Another child - Elizabeth, was born in Rothesay on the 25th of June, 1842, and she was baptised in the established Parish Church on the 21st of August that same year, just four months after her 2 years older sister Adelaide.

Curiously, Peter was not named as the head of a family of Communicants attached to the established or High Church of the Parish of Rothesay in 1835 [National Records of Scotland: Rothesay Kirk Session - Communion roll, 1835-1841, CH2/890/9. LDS DGS4103119]. Nor did he cause his name to be listed in January 1843 as one of those ready to leave the old established congregation after the great schism of 1842 [National Records of Scotland: Rothesay Free Church, Names of parishioners of the parish of Rothesay who declared their determination to leave the established church if necessary, 4 January 1843, CH3/486/5. LDS DGS 4103787]. But he did allow his name to be added to the "Roll of Communicants, Adherants of the Free Church on the first occasion of Meeting after the disruption", in June 1843 [National Records of Scotland: Rothesay Free Church - Communion roll (scroll), 1843, CH3/486/6. LDS DGS 4103788]. Neither Peter's nor Elizabeth's names can be found in the lists of Communicants associated with the Free Church in Rothesay that were created in and after 1846 [National Records of Scotland: Rothesay Free Church - Communion roll, 1846-1848, CH3/486/16, LDS DGS 4103143; and Rothesay Free Church - Communion roll (scroll), 1848-1873, CH3/486/7. LDS DGS 4103335]. No traces of the name 'Peter Lamont' or 'Elizabeth Lamont' have been found in any of the Kirk Session minutes of the Parish of Rothesay, in the 1841-1851 period [National Records of Scotland: Rothesay Kirk Session - Minutes, 1825-1848, CH2/890/4, LDS DGS 4103055 and Rothesay Kirk Session - Minutes, 1848 - 1888, CH2/890/5, LDS DGS 4103076], nor in any of the other various Deacon's Court minutes or Accounts which were created within the Free Church of Rothesay in the 1841-1851 period.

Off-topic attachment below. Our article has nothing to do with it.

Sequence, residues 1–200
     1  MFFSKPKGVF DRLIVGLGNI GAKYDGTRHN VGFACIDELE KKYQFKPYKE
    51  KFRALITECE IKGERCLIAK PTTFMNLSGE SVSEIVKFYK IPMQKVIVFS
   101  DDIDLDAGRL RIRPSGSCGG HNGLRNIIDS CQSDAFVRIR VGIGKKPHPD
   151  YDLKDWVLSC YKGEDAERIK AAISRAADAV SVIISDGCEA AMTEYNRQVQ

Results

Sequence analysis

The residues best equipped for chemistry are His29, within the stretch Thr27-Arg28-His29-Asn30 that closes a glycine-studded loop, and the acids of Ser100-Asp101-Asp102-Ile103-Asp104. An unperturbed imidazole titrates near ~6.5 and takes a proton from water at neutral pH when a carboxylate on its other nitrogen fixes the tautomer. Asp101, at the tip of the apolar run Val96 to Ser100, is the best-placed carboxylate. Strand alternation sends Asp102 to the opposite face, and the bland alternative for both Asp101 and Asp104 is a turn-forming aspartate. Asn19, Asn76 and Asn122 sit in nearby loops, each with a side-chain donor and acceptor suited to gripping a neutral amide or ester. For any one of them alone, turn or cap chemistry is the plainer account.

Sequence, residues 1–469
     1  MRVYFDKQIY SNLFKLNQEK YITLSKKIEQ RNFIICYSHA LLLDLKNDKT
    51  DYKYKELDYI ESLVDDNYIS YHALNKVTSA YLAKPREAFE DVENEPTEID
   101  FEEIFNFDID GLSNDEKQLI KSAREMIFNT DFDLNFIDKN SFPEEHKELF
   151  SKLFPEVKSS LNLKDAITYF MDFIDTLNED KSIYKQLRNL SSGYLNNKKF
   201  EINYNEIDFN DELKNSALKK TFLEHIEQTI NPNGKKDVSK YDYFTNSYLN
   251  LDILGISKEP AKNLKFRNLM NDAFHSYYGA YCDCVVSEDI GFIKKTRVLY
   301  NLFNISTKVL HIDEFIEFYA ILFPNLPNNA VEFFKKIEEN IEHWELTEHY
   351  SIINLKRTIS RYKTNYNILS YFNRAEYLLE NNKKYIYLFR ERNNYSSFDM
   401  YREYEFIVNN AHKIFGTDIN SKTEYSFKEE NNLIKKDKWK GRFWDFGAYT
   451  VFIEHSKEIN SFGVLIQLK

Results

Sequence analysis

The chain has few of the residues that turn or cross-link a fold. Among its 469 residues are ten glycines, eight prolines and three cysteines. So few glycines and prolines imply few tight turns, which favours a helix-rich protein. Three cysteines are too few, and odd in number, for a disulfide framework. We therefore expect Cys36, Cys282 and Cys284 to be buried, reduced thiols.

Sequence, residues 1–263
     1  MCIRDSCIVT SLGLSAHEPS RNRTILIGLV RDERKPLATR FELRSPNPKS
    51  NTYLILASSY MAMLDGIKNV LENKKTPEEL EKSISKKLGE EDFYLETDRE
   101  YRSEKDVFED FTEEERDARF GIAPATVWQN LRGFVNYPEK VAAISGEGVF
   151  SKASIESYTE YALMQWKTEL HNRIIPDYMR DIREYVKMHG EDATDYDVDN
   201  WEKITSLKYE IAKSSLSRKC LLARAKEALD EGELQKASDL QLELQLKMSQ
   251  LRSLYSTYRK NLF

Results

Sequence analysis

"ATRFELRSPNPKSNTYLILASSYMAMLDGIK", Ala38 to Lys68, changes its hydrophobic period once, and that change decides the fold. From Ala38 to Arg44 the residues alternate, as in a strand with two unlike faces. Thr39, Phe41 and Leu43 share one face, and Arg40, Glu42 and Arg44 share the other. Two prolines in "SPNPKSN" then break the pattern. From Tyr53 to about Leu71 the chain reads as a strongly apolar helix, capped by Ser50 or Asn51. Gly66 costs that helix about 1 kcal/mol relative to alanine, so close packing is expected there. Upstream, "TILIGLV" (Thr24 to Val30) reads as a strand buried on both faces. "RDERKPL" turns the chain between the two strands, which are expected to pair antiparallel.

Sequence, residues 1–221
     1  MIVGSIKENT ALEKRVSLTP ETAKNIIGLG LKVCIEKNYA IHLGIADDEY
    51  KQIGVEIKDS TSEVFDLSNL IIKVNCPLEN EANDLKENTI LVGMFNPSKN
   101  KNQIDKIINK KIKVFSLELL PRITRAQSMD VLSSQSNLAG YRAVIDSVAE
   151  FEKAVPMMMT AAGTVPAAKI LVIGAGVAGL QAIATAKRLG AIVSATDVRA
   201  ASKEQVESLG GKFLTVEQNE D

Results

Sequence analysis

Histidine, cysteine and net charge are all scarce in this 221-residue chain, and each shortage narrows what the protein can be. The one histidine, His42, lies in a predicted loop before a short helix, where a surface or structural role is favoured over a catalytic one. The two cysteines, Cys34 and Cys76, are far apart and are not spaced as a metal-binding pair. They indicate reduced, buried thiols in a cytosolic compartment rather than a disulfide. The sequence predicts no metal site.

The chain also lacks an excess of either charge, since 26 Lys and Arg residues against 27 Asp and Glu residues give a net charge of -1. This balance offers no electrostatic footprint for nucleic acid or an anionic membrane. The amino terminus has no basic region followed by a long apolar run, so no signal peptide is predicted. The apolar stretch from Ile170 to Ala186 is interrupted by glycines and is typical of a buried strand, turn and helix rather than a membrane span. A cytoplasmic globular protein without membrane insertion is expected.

Peter was described as 'labourer' when each of his children were baptised in Rothesay. The cryptic notations in the 1841 Census of Scotland schedule shows that Peter was a "M[ale] S[ervant]". When his name was added to the Roll of Communicants of the Free Church in June, 1843, he was noted to have been "Mrs. Lee's Gardener [living on] Montague Street".